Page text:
Sitting in your market stall or in the antique fair is only half of the story if what I spend my time doing - the hunting, buying, looking up and researching occupies at least half of your time.

And sometimes the surprises come in unlikely forms.  I had a lot of old books - and here amongst them, unmentioned, unnoticed and largely untouched lay a Victorian scrap book. Nice binding, quality paper and in top condition with gilt edging and I thought untouched at all. Flicking through there as no sign of any annotation or use.


The other day I pulled this book out to be priced and placed on the stall.  Now I only ever write in my books in pencil and then carefully so it can be erased without trace. As I opened the book up the front pages, which had clung together due to lack of use, sprung open - and there in beautiful almost gothic script were three pages of ink handwriting.

So what do we know? It is written by Will, he has signed it and it is dated November 5th 1879.  The poem is relatively long - 14 verses, every other verse has the refrain - My precious my beautiful Bess.  In verse 14 we learn that Bess is his wife, and helpfully Will tell us that he lives st 38 Victoria Terrace, Newland Road, Worthing, Sussex.

In content the poem is a devotion of Will's love and affection for Bess.  It is frank and at times brutal "Thy gentle eyes are not so bright - as when I loved thee first.".  The poem is written for Bess’s Birthday “Happy returns”, but in addition it hints at trauma "thy fair face a shadow wears - that tells of sorrow past", leading us to speculate that this might follow a period of illness, a still birth or child death.  More than anything else we are left in no doubt of the care and affection from Will to Bess but left with the desire to know who are they.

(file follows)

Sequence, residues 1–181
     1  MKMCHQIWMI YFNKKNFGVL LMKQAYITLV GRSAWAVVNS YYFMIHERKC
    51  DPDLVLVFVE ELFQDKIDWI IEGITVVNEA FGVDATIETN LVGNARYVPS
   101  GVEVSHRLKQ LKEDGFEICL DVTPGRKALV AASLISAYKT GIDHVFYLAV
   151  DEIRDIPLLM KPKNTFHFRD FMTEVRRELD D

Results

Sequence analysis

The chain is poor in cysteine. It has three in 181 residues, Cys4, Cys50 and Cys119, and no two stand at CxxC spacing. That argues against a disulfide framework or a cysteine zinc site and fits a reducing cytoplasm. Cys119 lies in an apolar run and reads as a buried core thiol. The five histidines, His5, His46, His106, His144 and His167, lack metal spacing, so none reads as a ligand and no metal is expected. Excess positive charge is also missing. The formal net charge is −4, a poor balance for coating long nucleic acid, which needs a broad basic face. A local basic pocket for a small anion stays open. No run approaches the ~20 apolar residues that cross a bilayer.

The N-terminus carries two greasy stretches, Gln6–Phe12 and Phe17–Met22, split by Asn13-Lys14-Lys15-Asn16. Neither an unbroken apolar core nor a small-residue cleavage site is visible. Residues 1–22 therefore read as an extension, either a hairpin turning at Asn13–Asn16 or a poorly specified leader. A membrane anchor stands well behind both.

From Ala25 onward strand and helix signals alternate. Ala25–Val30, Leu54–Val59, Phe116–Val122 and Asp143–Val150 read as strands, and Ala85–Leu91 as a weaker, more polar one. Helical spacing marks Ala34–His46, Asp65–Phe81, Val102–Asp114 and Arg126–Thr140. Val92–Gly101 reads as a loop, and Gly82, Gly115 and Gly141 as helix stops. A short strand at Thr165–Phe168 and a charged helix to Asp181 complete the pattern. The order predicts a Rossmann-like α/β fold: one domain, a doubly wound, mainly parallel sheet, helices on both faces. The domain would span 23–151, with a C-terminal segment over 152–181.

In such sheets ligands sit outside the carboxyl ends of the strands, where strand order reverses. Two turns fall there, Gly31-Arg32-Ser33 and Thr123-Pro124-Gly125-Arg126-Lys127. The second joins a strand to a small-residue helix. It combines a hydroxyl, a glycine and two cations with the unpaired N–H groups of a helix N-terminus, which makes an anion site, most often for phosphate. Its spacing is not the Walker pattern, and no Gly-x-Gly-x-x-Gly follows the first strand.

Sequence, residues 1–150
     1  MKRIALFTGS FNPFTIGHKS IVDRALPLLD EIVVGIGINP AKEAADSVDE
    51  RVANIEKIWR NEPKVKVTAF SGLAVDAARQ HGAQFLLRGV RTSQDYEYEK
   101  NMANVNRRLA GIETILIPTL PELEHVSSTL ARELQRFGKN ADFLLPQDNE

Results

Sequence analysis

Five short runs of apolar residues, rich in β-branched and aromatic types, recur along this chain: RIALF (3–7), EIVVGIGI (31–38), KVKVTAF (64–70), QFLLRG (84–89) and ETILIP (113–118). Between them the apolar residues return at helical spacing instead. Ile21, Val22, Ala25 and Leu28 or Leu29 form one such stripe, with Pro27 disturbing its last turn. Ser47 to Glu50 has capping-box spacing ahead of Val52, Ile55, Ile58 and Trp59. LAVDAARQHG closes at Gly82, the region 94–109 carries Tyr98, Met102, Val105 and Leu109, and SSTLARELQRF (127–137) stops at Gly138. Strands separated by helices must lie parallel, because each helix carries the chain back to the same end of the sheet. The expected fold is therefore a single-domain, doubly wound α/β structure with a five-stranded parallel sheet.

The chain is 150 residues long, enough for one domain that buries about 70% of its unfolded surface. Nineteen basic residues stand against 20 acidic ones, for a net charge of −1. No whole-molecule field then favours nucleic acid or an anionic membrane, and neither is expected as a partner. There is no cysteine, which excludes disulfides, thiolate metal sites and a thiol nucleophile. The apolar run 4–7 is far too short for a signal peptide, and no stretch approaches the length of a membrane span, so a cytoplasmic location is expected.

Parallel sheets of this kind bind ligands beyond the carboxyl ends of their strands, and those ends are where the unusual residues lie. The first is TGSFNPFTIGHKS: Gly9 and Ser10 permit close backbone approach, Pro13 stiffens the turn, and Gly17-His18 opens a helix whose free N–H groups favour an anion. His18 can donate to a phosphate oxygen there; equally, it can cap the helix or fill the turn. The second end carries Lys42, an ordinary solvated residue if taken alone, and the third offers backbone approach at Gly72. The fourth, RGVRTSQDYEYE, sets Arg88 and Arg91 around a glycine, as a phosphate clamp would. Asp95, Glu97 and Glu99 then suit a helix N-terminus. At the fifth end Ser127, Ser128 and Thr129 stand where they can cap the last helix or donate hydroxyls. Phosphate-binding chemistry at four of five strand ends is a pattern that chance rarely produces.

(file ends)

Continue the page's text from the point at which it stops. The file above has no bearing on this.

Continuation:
Looking at Newland Road now it is hard to find Victoria Terrace and it doesn't appear to exist today.  Indeed number 38 itself is not there and is occupied by a wood yard of a commercial company.  But it seems that that wood yard is the key to our puzzle.

The wood yard was founded in 1876 by William Wenban Smith - is this our Will?  Census searching reveals that in 1881 William W Smith lived with Elizabeth and their 5 children and the address at this date is but yards away from Newland Road. William's profession is given as Builders Merchant/master employing 37 men and 5 boys. And they have two live-in servants.

Our next step is to contact Wenban Smith - if I am right then we have a crucial, probably unpublished poem that gives the most intimate insight into the life of Will and Bess.  If our attribution is correct then there is much more to be written about then family... but for now we will leave there and be in contact with the firm. 

Watch this space.